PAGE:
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Dental assistants, hygienists, and technicians have been around for decades, but the terms used to categorize them and the regulations limiting what they can and can't do vary greatly by state.
For most of his career, Gordon Christensen, DDS, MSD, PhD, a practicing prosthodontist in Provo, UT, has been a proponent of expanding the clinical responsibilities of dental assistants, hygienists, and technicians under dental supervision.
The term often used to categorize those dental professionals as midlevel practitioner, though much more in an unofficial rather than official capacity. That’s because only two states, Minnesota and Maine, have officially embraced this new category. And according to Christensen, confusion reigns in those states.
“They have these unknown auxiliaries and they don’t know what to do with them,” he says. “Where do they fit in? What are they paid? Are they paid similar to a dentist, or to a hygienist? It’s not clear.”
And therein lies Christensen’s frustration.
What’s in a Name?
Christensen explains that dental hygienists have been around for 70 or 80 years. Use of dental assistants and laboratory technicians is also widespread. All three of those categories have different kinds of expanded clinical functions that they can do legally—depending on the state.
“And the spread of how liberal a state is, is unbelievably wide,” Christensen says. “In some states you practically have to have a PhD to do anything, and other states are wide open.”
In other words, a ball of confusion. And what’s adding to the confusion, Christensen says, is a lack of vision and leadership.
“I sat with the leadership in Minnesota a year ago and asked what are you doing with these [midlevel dental practitioners]?” he recalls. “They have them, but they don’t know what to do with them.”
What politicians are doing, or want to do, Christensen says, is move these auxiliary dental professionals into geographic areas of need. But he points out that those locations are populated with the most extreme kind of patients: those with the most extreme level of neglect.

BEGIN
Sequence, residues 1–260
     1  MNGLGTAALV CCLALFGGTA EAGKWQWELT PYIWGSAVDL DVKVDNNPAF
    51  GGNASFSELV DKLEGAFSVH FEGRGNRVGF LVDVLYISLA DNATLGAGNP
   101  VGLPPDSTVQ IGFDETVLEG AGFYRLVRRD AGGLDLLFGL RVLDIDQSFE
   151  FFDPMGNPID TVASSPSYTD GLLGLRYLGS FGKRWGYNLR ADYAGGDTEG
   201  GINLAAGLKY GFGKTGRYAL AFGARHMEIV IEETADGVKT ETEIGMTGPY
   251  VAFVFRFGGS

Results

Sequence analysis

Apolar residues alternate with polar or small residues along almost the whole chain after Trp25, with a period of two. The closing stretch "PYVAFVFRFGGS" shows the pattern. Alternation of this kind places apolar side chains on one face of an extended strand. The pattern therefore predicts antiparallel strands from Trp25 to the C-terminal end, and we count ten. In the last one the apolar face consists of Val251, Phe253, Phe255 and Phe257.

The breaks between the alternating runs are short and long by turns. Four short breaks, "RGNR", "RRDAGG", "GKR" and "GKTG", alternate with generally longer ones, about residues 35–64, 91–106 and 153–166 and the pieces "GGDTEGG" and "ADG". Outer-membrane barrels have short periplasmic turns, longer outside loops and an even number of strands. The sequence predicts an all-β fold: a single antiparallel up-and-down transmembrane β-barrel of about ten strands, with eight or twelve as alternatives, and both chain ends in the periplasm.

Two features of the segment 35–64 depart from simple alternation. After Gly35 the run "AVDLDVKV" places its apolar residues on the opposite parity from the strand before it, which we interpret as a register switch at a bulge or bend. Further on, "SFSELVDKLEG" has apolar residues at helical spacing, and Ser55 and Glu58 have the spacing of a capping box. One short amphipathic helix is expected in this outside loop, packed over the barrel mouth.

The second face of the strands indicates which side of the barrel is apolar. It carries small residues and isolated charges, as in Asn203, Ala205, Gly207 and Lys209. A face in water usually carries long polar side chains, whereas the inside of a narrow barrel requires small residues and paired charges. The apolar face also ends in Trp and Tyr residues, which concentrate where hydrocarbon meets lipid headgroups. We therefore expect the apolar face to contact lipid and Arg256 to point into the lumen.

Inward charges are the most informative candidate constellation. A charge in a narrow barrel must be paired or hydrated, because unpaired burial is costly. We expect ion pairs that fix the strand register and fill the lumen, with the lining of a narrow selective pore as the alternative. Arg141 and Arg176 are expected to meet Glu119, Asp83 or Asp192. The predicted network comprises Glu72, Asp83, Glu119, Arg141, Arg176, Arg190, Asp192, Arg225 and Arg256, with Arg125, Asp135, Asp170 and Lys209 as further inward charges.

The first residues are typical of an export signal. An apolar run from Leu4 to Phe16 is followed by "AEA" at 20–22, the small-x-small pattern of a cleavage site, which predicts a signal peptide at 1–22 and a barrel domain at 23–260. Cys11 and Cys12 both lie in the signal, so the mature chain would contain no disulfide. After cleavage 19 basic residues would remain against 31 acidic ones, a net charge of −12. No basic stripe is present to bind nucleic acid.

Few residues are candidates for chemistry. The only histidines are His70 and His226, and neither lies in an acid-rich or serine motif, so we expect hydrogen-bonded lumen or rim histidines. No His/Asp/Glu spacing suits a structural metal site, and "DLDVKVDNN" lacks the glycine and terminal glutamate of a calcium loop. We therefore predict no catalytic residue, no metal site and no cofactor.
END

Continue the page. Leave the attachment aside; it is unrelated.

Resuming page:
“Sticking a midlevel person, who had half the knowledge or a quarter of the knowledge, in these areas makes absolutely no sense to me,” Christensen says. “You must send a dentist there to supervise.”
Resistance Despite Benefits
Christensen says that, almost without exception, the concept of expanding the clinical responsibilities of dental assistants, hygienists and technicians has been successful—for patients, dentists, and dental staff members. And yet there is considerable resistance up and down the industry.
According to Christensen, the American Dental Association and the American Student Dental Association have both been negative on the concept of midlevel dental practitioners. And that negativity has more than trickled down to state leadership.
For example, at a recent meeting in Vermont, Christensen presented 18 expanded functions for already identified and current dental staff that translates into 25 methods of increasing practice productivity. He says it was “interesting” to see how few were ready to jump on the bandwagon.
“They’re in a rut, and they want to stay in a rut,” he explains. “That’s the level of resistance that you see.”
The other major issue, Christensen says, is lack of education. He says that young dentists come out of school having never been taught how to use an assistant.
“Many years ago I got federal grants to bring in an assistant for every senior dental student,” he says. “Today, I doubt there’s a school in this nation that has any program to educate dentists on how to use an assistant.”
And with average dental school debt ranging between $300,000 and $350,000, Christensen believes that being educated on how to use expanded staff functions would not only help these graduates overcome the negativism they feel, but be more productive in their respective practices.
But the education challenge isn’t limited to new dentists.
“You ask older guys to have a dental assistant do something and they flip out,” Christensen says. “There are all kinds of challenges. Some financial, and some educational.”
Christensen says what’s needed to clear up this confusion is a group of real world people.
“Not the Pew Research Center,” he says. “I respect them, but they’re usually academics or administrators, not people on the firing lines.”
He advocates for a more holistic approach—academics teamed with real world practitioners as well as administrators and public health professionals.
“Let’s get this group together, and get some equitable solution rather than have the politicians dominate the people who are actually doing the work,” Christensen says. “There’s nothing wrong with expanding the functions of staff. As I said, I’m the most liberal one in the country. However, not in the way they want to do it, through political channels. Let’s get them out in the field and work a day rather than sit at a desk and prognosticate.”